Rebecca Himschoot, June 24, 2007

NOAA Teacher at Sea
Rebecca Himschoot
Onboard NOAA Ship Oscar Dyson
June 21 – July 10, 2007

Mission: Summer Pollock Survey
Geographical Area: North Pacific Ocean, Unalaska
Date: June 24, 2007

Weather Data from Bridge 
Visibility: less than .5 nm (nautical miles)
Wind direction: 260° (SW)
Wind speed: 18 knots
Sea wave height: 4-6 foot
Swell wave height: 0 feet
Seawater temperature: 2.9°C
Sea level pressure: 1006.0 mb (millibars)
Cloud cover: fog

Science and Technology Log: What Is the Summer Pollock Survey? 

The Alaska Fisheries Science Center (AFSC) is one of six regional centers charged with monitoring commercial fish stocks in the United States.  The AFSC is located in Seattle, Washington, however the data the scientists from the Center collect is gathered from coastal areas across the state of Alaska. For over 20 years the AFSC has been surveying Pollock stocks in the Bering Sea of northwestern Alaska in the summer months.  More recently they have also been surveying stocks in the Gulf of Alaska during the same season.  During the Pollock spawning months of February-March surveys are also conducted in known spawning areas. The AFSC scientists’ data are one part of the fishery management triangle: The summer Pollock survey on the OSCAR DYSON will take place in three sessions of three weeks each.  The first day of each leg is spent calibrating the acoustic equipment to make sure it is accurate for the rest of the research in the next three weeks.  Once the OSCAR DYSON reaches the Bering Sea, the navigation team locates the transects that have been surveyed in years past. The science team begins collecting acoustic data, and fishing intermittently to collect more data about the fish, such as exact lengths, gender and age information.

Screen shot 2013-06-01 at 5.58.08 PM

The acoustic data are collected every second.  Sound waves are emitted from a transducer affixed to the hull of the ship; when these sound waves strike a surface, they return to the transducer. By calculating the time the sound waves traveled it is possible to “see” where the objects are the sound waves bounced off of.  The bottom of the ocean shows up as a very strong, solid line, whereas fish in groups show up as “clusters” in the water column (the sound waves bounce off the air-filled swim bladders of the fish).  By using different frequencies, the scientists are able to determine if the clusters are larger or smaller fish, including plankton-sized euphausids (i.e., krill).  This amazing system for “seeing” fish using sound waves is modeled on the feeding strategies of some of the oldest and best-adapted fishers, the toothed cetaceans such as dolphins and sperm whales.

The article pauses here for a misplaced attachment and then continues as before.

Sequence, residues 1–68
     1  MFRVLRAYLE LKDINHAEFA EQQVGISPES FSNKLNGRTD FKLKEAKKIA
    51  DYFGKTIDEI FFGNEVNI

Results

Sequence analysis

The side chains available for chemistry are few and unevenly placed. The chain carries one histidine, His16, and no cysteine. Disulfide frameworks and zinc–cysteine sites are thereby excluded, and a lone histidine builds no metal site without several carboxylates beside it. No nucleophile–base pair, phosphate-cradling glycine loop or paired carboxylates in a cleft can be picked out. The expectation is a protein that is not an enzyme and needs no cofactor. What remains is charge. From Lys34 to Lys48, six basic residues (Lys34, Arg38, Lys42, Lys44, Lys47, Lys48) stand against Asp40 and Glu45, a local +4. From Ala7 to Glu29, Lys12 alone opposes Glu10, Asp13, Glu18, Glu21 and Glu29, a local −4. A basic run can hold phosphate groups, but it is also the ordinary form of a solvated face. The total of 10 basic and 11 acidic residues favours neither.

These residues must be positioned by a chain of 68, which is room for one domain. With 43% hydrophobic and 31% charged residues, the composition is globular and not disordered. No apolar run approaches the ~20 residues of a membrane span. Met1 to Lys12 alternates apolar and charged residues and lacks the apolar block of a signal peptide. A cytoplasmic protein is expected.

Acoustic data for seafloor mapping
Acoustic data for seafloor mapping

Personal Log 

Luckily the crew of the OSCAR DYSON were able to give me some very good advice about seasickness medication.  We entered some moderate seas our first day out, but I’m slowly getting my sea legs.  The Bering Sea is a very shallow body of water, less than a hundred meters deep in many places, so that it has a great deal of wave action in any kind of windy weather.  Today we passed the Pribilof Islands, but it was too foggy to see them.

Question of the Day 

Answer to Day 1 question about solstice: The word “solstice” comes from the Latin words “sol,” which means sun, and “sistere,” which means to rest or relax.  The solstice occurs twice each year, when the Sun is at its northern- or southernmost point from the equator. The solstice is the turning point at which we experience either increasing or decreasing increments of daylight (paraphrased from the Encyclopedia Britannica online).

Today’s Question:  The scientific method includes controlling the variables in an experiment.  What are some examples of variables the science team from the AFSC is controlling in the summer Pollock survey?

Leave a Reply